When we came upon Thaddeus, he laughed, and gave each of us a great big embrace, patting us on the back and kissing our faces. His arms had black spots where February had attacked, and his legs had ice for skin. When he placed his arms around me he felt like a thousand pounds.
Victory is ours, he said.
You killed February, we asked.
No, said Thaddeus. But look around. I didn’t look around. I didn’t need to. I didn’t have to see the trees burdened with snow, the skies stuffed gray. Instead, I stared at Thaddeus as the snow fell on his bare arms.
What, said Thaddeus. Why is everyone looking at me like that.”
I sensed that some of the disappointment & pain, the depth of certain tragedies, were keenly autobiographical of Jones & I could relate on an explicit level. I felt like I was/am/whatever fighting my own February, improvising my own light boxes. I felt I could not pull myself out of some suffocating depth. This beautiful book stirred me from this challenge, helped me rise, to be at ease with the coldness, & then warmed me with inspiration. I feel Shane Jones used an impressive format to tell this story, as inventive as anything Dave Eggers or Jonathan Safran Foer has ever done. I am thoroughly refreshed by the freshness of Light Boxes’ – it’s just my thing & in my book, Shane Jones is a delicious new talent just as relevant as Franz Kafka. Faux’reals, yo ~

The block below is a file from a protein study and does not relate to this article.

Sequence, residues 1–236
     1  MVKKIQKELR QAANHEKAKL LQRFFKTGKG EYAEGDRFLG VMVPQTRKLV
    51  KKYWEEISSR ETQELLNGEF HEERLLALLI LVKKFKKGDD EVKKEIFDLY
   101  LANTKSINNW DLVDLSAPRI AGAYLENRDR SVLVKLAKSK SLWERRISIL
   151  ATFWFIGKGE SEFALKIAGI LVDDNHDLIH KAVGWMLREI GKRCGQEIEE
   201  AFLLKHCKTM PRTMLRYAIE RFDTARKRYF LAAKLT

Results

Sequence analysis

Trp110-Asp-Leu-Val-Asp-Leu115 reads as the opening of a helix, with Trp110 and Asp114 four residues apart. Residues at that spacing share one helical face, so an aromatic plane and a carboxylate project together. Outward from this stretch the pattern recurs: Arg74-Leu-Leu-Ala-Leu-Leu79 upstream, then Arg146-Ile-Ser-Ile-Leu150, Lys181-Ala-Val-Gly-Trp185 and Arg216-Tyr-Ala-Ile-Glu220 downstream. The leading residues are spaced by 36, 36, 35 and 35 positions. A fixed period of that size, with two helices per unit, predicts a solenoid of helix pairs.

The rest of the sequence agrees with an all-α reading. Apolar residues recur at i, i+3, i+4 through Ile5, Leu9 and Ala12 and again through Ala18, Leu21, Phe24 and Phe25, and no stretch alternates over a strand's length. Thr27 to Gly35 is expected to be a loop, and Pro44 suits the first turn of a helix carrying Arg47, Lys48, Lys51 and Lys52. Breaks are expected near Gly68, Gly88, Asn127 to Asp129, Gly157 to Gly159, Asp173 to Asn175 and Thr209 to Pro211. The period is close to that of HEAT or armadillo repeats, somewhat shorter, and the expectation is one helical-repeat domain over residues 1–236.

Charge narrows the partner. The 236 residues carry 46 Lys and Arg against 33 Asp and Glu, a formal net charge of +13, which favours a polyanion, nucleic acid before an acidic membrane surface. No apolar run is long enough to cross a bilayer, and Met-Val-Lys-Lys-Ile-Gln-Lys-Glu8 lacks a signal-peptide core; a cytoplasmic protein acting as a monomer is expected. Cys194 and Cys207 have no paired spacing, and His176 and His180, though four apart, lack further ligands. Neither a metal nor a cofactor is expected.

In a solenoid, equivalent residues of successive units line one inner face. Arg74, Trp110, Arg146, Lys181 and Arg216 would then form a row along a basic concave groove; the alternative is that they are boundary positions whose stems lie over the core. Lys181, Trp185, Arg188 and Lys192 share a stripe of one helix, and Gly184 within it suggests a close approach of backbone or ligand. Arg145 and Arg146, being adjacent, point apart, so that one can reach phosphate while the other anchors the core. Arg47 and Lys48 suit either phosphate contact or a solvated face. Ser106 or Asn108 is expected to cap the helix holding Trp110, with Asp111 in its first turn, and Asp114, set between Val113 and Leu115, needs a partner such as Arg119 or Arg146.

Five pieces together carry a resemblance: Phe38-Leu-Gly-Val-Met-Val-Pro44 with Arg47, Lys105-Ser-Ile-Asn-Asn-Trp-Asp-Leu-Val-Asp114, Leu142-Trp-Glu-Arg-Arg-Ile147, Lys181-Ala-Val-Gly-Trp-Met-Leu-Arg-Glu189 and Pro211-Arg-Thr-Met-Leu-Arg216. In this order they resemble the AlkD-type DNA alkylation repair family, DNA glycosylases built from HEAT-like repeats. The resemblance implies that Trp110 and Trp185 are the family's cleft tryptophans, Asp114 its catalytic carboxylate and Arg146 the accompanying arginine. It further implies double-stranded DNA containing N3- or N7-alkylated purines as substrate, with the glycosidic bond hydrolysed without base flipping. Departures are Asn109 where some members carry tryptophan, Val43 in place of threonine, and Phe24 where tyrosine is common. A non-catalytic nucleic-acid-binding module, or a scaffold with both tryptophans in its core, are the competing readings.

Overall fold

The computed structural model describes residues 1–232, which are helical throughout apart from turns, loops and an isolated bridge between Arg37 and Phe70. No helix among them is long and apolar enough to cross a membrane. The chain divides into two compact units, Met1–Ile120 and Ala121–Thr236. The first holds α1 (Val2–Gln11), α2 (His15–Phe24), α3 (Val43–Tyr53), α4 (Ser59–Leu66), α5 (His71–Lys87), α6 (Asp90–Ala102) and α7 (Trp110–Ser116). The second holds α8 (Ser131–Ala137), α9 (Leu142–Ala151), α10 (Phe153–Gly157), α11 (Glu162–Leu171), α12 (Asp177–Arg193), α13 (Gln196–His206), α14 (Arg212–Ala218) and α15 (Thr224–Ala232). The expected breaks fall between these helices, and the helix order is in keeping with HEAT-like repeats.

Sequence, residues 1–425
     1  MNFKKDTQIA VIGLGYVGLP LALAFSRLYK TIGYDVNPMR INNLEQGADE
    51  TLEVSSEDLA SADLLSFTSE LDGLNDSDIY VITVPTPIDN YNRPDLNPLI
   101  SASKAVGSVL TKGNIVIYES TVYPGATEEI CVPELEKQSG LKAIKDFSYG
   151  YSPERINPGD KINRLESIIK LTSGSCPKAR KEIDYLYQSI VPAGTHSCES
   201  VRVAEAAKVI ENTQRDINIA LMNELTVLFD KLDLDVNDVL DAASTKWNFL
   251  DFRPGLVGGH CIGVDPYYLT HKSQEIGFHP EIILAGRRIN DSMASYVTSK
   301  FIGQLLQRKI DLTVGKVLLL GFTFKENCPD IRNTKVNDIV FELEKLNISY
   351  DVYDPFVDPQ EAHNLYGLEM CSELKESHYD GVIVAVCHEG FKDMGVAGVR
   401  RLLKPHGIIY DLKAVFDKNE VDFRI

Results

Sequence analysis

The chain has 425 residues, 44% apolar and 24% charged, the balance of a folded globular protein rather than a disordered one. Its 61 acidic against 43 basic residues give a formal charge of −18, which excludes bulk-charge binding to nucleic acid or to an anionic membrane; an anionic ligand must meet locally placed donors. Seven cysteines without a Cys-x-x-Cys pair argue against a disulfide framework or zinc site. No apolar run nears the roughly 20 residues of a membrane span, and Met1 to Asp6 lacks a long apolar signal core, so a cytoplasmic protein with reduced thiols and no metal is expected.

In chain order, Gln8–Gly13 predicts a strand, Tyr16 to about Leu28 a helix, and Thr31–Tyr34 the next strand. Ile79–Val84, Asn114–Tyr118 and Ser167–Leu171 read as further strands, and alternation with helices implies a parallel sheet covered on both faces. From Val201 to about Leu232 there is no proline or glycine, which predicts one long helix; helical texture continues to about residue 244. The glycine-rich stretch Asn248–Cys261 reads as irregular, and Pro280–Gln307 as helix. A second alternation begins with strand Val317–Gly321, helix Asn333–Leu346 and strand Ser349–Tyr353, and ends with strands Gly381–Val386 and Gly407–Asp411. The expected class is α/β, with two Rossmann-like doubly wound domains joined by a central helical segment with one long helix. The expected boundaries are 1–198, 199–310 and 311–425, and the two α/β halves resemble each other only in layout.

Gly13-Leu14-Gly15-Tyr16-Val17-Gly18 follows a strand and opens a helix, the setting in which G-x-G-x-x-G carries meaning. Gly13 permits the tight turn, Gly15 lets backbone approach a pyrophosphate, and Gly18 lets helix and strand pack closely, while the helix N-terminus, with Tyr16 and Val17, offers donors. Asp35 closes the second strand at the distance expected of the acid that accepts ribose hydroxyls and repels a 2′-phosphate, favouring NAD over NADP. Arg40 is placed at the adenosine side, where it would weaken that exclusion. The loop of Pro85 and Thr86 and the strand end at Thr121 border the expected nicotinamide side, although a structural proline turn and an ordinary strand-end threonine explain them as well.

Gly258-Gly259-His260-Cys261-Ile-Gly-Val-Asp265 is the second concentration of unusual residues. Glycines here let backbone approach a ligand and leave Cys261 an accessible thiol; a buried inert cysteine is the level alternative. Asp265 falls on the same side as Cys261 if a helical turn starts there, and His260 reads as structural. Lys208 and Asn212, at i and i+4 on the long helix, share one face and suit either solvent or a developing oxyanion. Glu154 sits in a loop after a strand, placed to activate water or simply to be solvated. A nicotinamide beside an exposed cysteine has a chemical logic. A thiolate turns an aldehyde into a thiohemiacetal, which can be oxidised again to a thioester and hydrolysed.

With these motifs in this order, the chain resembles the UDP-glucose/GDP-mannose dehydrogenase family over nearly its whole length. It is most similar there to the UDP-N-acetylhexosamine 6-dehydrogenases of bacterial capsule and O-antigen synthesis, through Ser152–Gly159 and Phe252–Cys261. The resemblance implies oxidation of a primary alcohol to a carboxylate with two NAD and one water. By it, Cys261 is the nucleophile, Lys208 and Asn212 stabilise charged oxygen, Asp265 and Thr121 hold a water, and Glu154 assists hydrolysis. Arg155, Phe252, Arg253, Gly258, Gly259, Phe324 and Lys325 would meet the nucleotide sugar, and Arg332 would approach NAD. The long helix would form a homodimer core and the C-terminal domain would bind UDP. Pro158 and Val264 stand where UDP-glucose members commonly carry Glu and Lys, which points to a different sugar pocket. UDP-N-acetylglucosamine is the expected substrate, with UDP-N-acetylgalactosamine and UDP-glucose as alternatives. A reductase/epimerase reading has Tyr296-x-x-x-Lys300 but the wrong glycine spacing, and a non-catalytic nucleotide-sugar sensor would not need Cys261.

“Note Found in February’s Pocket by the Girl Who Smells of Honey and Smoke
I wanted to write you a story about magic. I wanted rabbits appearing from hats. I wanted balloons lifting you into the sky. It turned out to be nothing but sadness, war, heartbreak. You never saw it, but there’s a garden inside me.”